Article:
2011 will be an interesting year. At 4:30 p.m. yesterday, my wife and I went from a dual income to a one income household.
Fortunately, neither of us were fired, and no, we’re not having kids. My wife quit her job to start her own business.
This was something we had planned on doing for a long time.
Talking to some of my friends who are married or living with their significant other, the decision to go from a dual to one income household is something a lot of young adults are struggling with. There are two reasons why this conversation comes up:
- One person in the relationship wants to change careers, start their own business, or go back to school
The purpose of this post was to take you through my own thought process of making the switch from a dual income to one income household.
Step # 1: We Started to Live Off of One Income
This is the most important step we took.
The decision for my wife to leave her job didn’t come about in one or two weeks. It’s been something we had planned for 18 months.
Every financial decision we made in the last 18 months, was as if we we’re living off of my income only.
When we went to buy a house, we did so knowing that we could afford the payments from just my income. We didn’t buy a new car because we couldn’t afford the payments with just my income.
My advice to you, if you plan on dropping an income in the future, start living off of one income now.
Step # 2: One Year Emergency Fund
Right now, we have just over one year’s of expenses sitting in a high interest savings account. This seems like an awful lot in cash, but I wouldn’t be able to sleep at night with anything less.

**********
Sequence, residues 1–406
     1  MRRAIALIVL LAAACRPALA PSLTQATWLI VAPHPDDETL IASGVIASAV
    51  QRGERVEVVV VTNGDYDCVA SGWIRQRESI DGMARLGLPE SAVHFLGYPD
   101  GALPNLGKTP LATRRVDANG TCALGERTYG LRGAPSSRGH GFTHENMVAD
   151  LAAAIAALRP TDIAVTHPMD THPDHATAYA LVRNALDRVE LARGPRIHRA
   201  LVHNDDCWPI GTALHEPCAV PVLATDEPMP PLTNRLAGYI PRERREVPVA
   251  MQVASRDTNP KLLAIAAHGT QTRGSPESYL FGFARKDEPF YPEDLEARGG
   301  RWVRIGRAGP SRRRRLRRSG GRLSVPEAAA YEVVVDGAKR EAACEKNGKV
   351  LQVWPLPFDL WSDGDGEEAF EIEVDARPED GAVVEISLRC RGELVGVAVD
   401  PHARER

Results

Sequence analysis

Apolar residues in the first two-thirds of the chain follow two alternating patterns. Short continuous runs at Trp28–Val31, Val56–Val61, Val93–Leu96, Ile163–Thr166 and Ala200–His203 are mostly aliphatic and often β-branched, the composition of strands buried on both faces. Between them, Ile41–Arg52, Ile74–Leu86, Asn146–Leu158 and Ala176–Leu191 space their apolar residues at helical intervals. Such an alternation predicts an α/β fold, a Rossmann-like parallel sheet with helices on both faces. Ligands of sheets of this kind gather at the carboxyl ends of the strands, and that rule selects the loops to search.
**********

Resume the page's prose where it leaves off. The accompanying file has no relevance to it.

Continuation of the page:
Step # 3: We Saved Enough to Max out Roth IRA’s
During our time as a dual income household, we enjoyed saving for our future. Unfortunately, on just my income we couldn’t afford to continue to contribute the maximum to two Roth IRAs.
Knowing that saving for our future was still important, we decided to wait for my wife to quite until we had enough money to max out 2 Roth IRAs. What makes this decision even easier are the flexible withdrawal rules for Roth IRA contributions.
Step # 4: We Defined the Worst Case Scenario
Even far-fetched worse case scenarios aren’t that bad once you define them.
Step # 5: We’re Covering the Gap with Cash
In order to make sure we don’t spend more than we earn each month, we put together a system. I like to think of it as the lazy man’s envelope method.
We started by putting together our average bare bones expenses from January through June of 2010. This included food, mortgage, insurance, gas, giving, etc… it didn’t include eating out, entertainments, etc… (This took about 20 minutes thanks to Mint.)
Then, we subtracted our bare bones monthly costs from my average monthly income from that same time period. This gave us a small gap of about $500.
Next, we decided how we wanted to allocate that $500 gap each month. We decided:
- Each of us gets $150 of guilt free spending
- The remaining $200 goes into a pot for variable expenses gifts, birthday parties, and entertainment
Do I have too big of an emergency fund? Was it necessary to save $10,000 so we can continue to save for retirement? I don’t know and that’s OK.
I do know that I feel comfortable with our plan. At the end of the day, that’s what’s most important.